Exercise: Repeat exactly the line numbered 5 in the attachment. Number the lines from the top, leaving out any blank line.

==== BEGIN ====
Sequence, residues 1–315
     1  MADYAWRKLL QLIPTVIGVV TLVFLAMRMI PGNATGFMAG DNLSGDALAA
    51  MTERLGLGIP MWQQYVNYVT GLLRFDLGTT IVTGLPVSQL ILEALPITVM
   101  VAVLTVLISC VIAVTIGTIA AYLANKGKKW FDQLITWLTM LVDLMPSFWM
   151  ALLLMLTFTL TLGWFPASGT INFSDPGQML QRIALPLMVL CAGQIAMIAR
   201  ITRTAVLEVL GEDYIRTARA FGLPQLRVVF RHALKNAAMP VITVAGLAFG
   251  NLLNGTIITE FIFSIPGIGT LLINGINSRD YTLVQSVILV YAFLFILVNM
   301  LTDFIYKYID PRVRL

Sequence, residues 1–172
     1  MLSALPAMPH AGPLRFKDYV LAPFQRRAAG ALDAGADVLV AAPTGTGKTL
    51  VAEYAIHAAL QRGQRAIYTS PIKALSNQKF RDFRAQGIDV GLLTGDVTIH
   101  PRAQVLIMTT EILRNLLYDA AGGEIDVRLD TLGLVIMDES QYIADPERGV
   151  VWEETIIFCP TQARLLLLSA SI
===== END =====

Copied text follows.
   151  ALLLMLTFTL TLGWFPASGT INFSDPGQML QRIALPLMVL CAGQIAMIAR